So how to go about it. Simple. Buy what you can afford now and hold for another 5 years without straining your finances. Buy only for end use not for speculation. Even if the prices come down tomorrow by 20% you wont sell and even if it goes up by 50% you wont sell. Find me one soul on IREF who sold his house (bought for end use) during recession of 2008 in fear of further slide or a soul who is ready to sell the house today for profit bought for end use yesterday...
Thats a good advice, but unfortunately current real estate prices is unaffordable to huge majority of population, including but not limited to IT sector junta.
So they resort to taking huge loans, when they are not even sure , how long their job would last.

2008 recession should have taught at least one lesson to those (specially in outsourcing based jobs) who think buying house on 80% loan makes them worthy house owners.

I could buy a house even with today's inflated prices if I take joint loan with better half, but is it worth it?
Answer is NO because that would mean we both commit ourself to slavery of banks for rest of our best years.

I have seen female employees not taking extended unpaid leaves after child birth as they have Home Loan EMI's to pay. This is not a good situation to be in.
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Old July 9 2012, 10:51 PM   #17
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I agree whole hearted with you. No point in becoming a slave. The level of emi should be comfortable, and should be easily payable in one person's salary.

Once you take a loan you realize how much freedom you have lost. Forget about taking a month's unpaid leave to go trekking or traveling

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Originally Posted by AJAY_GGN View Post

2008 recession should have taught at least one lesson to those (specially in outsourcing based jobs) who think buying house on 80% loan makes them worthy house owners.

I could buy a house even with today's inflated prices if I take joint loan with better half, but is it worth it?
Answer is NO because that would mean we both commit ourself to slavery of banks for rest of our best years.

I have seen female employees not taking extended unpaid leaves after child birth as they have Home Loan EMI's to pay. This is not a good situation to be in.
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Old July 9 2012, 11:30 PM   #18
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Originally Posted by Amitau View Post
I agree whole hearted with you. No point in becoming a slave. The level of emi should be comfortable, and should be easily payable in one person's salary.

Once you take a loan you realize how much freedom you have lost. Forget about taking a month's unpaid leave to go trekking or traveling
Boss, we have Learnt our lesson. India rose because of low cost base followed by international salaries. Now, we have international cost base (schooling, living, inflation, medical costs) supported by low cost salaries.... A laughable situation. The folks who compare indian RE prices with developed world like US hould also compare our cost structure with theirs.
With no medical back up, no social security, no infrastructure, no white economy aka taxes and no high paying jobs or consumer protection laws or judiciary..... Its suicidal to gift away your hard earned money to these buggers. Especially when salary hikes are barely beating inflation and cost of raising family,kids going up manifold.. writing is on the wall.. Just let this extrapolate for another 5-10 years and we will all see the true accounting behind the costs and prices.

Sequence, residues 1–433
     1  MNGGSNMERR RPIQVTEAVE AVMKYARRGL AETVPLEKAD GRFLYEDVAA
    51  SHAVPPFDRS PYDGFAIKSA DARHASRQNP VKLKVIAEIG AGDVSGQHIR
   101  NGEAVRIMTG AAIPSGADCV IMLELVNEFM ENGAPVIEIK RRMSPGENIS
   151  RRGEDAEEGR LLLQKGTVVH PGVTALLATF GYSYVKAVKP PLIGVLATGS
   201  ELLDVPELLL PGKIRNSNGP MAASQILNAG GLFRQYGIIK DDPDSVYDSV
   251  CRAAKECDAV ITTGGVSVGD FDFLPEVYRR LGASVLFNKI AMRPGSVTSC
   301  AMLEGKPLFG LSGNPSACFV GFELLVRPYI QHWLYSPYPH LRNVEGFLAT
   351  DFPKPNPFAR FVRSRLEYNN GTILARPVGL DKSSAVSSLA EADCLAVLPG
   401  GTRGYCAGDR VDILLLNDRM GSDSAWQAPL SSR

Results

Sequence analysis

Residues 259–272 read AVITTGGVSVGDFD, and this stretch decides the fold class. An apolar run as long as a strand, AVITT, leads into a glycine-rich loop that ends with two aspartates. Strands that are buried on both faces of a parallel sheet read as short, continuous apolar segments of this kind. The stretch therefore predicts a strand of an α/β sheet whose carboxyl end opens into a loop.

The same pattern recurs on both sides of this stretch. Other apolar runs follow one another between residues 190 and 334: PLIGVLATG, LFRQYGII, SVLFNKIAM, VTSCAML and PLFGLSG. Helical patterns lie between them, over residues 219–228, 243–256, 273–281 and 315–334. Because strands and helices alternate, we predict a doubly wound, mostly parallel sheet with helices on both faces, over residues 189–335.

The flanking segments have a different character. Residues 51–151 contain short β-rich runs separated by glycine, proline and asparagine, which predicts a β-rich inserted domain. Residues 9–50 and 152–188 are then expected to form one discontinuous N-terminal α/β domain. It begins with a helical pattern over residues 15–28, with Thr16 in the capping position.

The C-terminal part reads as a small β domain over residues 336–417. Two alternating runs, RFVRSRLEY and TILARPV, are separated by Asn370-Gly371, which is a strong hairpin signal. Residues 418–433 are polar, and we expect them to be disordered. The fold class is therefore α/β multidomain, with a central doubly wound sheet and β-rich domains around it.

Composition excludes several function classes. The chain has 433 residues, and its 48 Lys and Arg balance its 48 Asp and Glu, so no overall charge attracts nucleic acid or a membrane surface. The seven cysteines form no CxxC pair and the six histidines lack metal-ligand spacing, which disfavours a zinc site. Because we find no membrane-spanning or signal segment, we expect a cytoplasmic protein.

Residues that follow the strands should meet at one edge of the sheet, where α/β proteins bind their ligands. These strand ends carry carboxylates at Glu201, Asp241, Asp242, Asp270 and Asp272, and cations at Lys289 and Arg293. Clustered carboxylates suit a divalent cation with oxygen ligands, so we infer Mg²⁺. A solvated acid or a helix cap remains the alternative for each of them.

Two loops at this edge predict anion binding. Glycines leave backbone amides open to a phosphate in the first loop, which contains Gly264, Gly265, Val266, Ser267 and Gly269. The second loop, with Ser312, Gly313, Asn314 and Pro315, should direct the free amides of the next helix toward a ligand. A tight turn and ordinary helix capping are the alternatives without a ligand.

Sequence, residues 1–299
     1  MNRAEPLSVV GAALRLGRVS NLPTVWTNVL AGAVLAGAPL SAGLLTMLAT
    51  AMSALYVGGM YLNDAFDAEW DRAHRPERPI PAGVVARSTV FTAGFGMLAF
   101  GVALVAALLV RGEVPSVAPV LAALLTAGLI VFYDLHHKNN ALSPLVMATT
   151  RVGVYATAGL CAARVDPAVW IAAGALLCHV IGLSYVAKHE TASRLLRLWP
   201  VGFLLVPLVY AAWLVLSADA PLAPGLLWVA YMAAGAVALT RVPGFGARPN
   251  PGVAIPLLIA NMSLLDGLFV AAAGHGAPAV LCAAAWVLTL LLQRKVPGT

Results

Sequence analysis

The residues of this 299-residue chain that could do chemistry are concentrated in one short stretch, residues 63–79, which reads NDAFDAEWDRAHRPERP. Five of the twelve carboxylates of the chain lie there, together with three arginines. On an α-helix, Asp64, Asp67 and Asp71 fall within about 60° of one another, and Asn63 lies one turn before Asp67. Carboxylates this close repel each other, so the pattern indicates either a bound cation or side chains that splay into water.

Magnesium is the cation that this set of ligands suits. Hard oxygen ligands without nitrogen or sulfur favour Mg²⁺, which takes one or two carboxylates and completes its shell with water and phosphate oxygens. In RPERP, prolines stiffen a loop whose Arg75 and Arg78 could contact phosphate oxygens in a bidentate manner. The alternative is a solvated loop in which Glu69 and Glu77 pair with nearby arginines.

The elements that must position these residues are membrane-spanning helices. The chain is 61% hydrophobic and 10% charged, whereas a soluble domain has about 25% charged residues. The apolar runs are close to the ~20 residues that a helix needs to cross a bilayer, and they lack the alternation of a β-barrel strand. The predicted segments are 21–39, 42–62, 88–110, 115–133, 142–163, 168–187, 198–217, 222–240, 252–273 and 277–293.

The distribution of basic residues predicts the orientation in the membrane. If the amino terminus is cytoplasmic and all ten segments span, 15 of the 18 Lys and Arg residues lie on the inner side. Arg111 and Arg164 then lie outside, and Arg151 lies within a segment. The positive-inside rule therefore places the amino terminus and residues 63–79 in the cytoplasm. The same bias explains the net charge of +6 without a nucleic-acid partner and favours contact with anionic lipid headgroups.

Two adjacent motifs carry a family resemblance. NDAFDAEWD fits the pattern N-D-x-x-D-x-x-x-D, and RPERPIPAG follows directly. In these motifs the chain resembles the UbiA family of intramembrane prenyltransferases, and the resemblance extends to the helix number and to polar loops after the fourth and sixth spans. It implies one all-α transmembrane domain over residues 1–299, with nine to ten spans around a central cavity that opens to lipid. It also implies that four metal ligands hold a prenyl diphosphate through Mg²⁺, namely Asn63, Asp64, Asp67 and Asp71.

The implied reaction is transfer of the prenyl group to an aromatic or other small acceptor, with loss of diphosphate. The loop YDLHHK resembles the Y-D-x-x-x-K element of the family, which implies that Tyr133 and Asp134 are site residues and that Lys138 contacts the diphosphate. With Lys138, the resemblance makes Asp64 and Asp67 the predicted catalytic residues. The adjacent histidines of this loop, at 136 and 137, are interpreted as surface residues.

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Old July 10 2012, 12:27 PM   #19
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totally agree with you Matrix bhai...infact inflation index published by government is hardly an indicator of actual inflationary situation we guys face in Metros...if you see the items on govt list (on the basis of which they calculate inflation) even after revision you would probably laugh ..another point is that govt mostly looks at wholesale prices .. while the inflation is more pronounced at retailers end.. look at house rents...school/college fees..fuel prices, fruits/vegetables etc etc...inflation is much more than 8% currently being portrayed by govt...if you keep a simple record of prices you pay..the inflation we are facing is actually in the range of 20%



Quote:
Originally Posted by matrix_55 View Post
Boss, we have Learnt our lesson. India rose because of low cost base followed by international salaries. Now, we have international cost base (schooling, living, inflation, medical costs) supported by low cost salaries.... A laughable situation. The folks who compare indian RE prices with developed world like US hould also compare our cost structure with theirs.
With no medical back up, no social security, no infrastructure, no white economy aka taxes and no high paying jobs or consumer protection laws or judiciary..... Its suicidal to gift away your hard earned money to these buggers. Especially when salary hikes are barely beating inflation and cost of raising family,kids going up manifold.. writing is on the wall.. Just let this extrapolate for another 5-10 years and we will all see the true accounting behind the costs and prices.
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Old July 10 2012, 02:32 PM   #20
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Originally Posted by aabansal View Post
totally agree with you Matrix bhai...infact inflation index published by government is hardly an indicator of actual inflationary situation we guys face in Metros...if you see the items on govt list (on the basis of which they calculate inflation) even after revision you would probably laugh ..another point is that govt mostly looks at wholesale prices .. while the inflation is more pronounced at retailers end.. look at house rents...school/college fees..fuel prices, fruits/vegetables etc etc...inflation is much more than 8% currently being portrayed by govt...if you keep a simple record of prices you pay..the inflation we are facing is actually in the range of 20%
True... mine is a family of 5 and am spending 55K per month to have a middle class life with a Maruti Alto. Luckily, no one has medical issues and my kiddo is just 1, so no school, tuition fees yet. But what about the days when my parents grow much older and kiddo starts going to school... then tuitions and then days when they will ask for their personal expenses and then will ask for personal vehicle (petrol, insurance)... GOD knows how will a middle class person survive.

And its not only the in METROs... for smaller cities as well the situation is not good.